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Wine-Related Nicknames:
Vine-Symbolism in Early Syriac Christianity

by Meghan Sullivan

Jesus has many nicknames in Christianity. Some of these nicknames, whose origins lie in the Bible, are wine-related. In early Syriac Christianity, writers often used three wine-related nicknames, or titles, for Jesus: Christ the Vineyard, Christ the Vine, and Christ the Grape.

Early Syriac literature is fascinating because of its rich use of symbolism and imagery. One favorite topic of early Syriac writers is vine-symbolism. Aphrahat and Ephrem, two fathers of the Church who lived in the fourth century, frequently drew upon Psalm 80, Deuteronomy 32, Isaiah 5, and John 15 in their use of vine-symbolism. Due in part to the ambiguity of the Syriac word karma, which translates as “vineyard” but sometimes appears to mean “vine,” Syriac writers merged the Old Testament image of the vineyard with the New Testament image of Christ the Vine (John 15).

Aphrahat offers an example of vineyard imagery in a homily entitled Demonstrations V. He writes, “The Lord...planted in the vineyard itself good vines, bearing fruit and giving joy to the Vinedresser. For the Vine(yard) is Christ and his Father the Vinedresser; and the vines are those who drink of his cup.”1 In this passage, Christ is the Vineyard; those who drink of Christ’s cup are people who share in the Lord’s passion. Aphrahat uses similar imagery in Demonstrations VI. Addressing fellow ascetic Christians, he writes, “Let us not be idle workmen, for see, our Lord has hired us for his vineyard. Let us be planted as vines in his vineyard, who is the true Vine(yard).”2 Here, Christians are vines that live and grow in Christ, the true Vineyard. This passage reflects John 15, which reads, “Live on in me, as I do in you. No more than a branch can bear fruit of itself apart from the vine, can you bear fruit apart from me”(John 15:4, NAB). Christians are called to live as vines in a vineyard or, in other words, to live in Christ and produce fruit through Him.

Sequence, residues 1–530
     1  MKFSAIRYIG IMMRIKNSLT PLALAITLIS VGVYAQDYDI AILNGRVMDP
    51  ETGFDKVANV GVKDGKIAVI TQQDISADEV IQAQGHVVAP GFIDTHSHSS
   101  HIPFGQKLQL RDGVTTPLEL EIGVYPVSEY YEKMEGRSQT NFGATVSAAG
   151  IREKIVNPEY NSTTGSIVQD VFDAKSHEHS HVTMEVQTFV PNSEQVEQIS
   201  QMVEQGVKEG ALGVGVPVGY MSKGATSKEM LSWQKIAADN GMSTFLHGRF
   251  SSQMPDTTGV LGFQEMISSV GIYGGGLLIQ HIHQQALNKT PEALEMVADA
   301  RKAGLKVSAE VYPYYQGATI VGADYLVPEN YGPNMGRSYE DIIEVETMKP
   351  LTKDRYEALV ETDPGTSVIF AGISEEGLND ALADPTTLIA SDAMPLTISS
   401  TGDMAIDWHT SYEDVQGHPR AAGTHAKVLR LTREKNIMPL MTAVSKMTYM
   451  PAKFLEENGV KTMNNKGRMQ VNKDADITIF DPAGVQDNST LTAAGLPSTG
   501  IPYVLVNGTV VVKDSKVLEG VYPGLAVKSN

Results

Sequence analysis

Ephrem provides us with an example of vine imagery in De Ecclesia: “He is crucified on the wood the same whose fruits he ate. Come, let us hang on the wood, which gave us the Bread of Life!” Here, the “wood” represents the wood of the vine. Christians are both fruits hanging from Christ, the Vine, and laborers working in Christ, the Vineyard. In Hymns on the Nativity, Ephrem once again refers to Christ the Vine. “Blessed be the Vineshoot,” the Syriac poet writes, “which became the Chalice for our salvation!”3 Ephrem goes on to introduce a new vine-related title for Christ: the Grape. “Blessed also be the Grape, the source of the Medicine of Life!” In early Syriac literature, the “Medicine of Life” functions as a symbol for the Eucharist. Christ the Grape and the Medicine of Life appear again in Ephrem’s Hymns on Virginity: “O Grape of mercy which was found in the vineyard which resisted cultivation and withheld its fruit! To it which gave him bitterness he imparted his sweetness. [The Grape] was pressed and gave the Medicine of Life to the Nations.” 4

Perhaps the next time we enter a church to pray or sit down to read the Bible, we will remember the Syriac Christians’ nicknames for Jesus and will address Christ as Vine, Vineyard, and Grape.

1. Robert Murray, Symbols of the Church and Kingdom: A Study in Early Syriac Tradition (London: Cambridge University Press, 1975), 99.
2. Ibid., 105.
3. Ibid., 120.
4. Ibid

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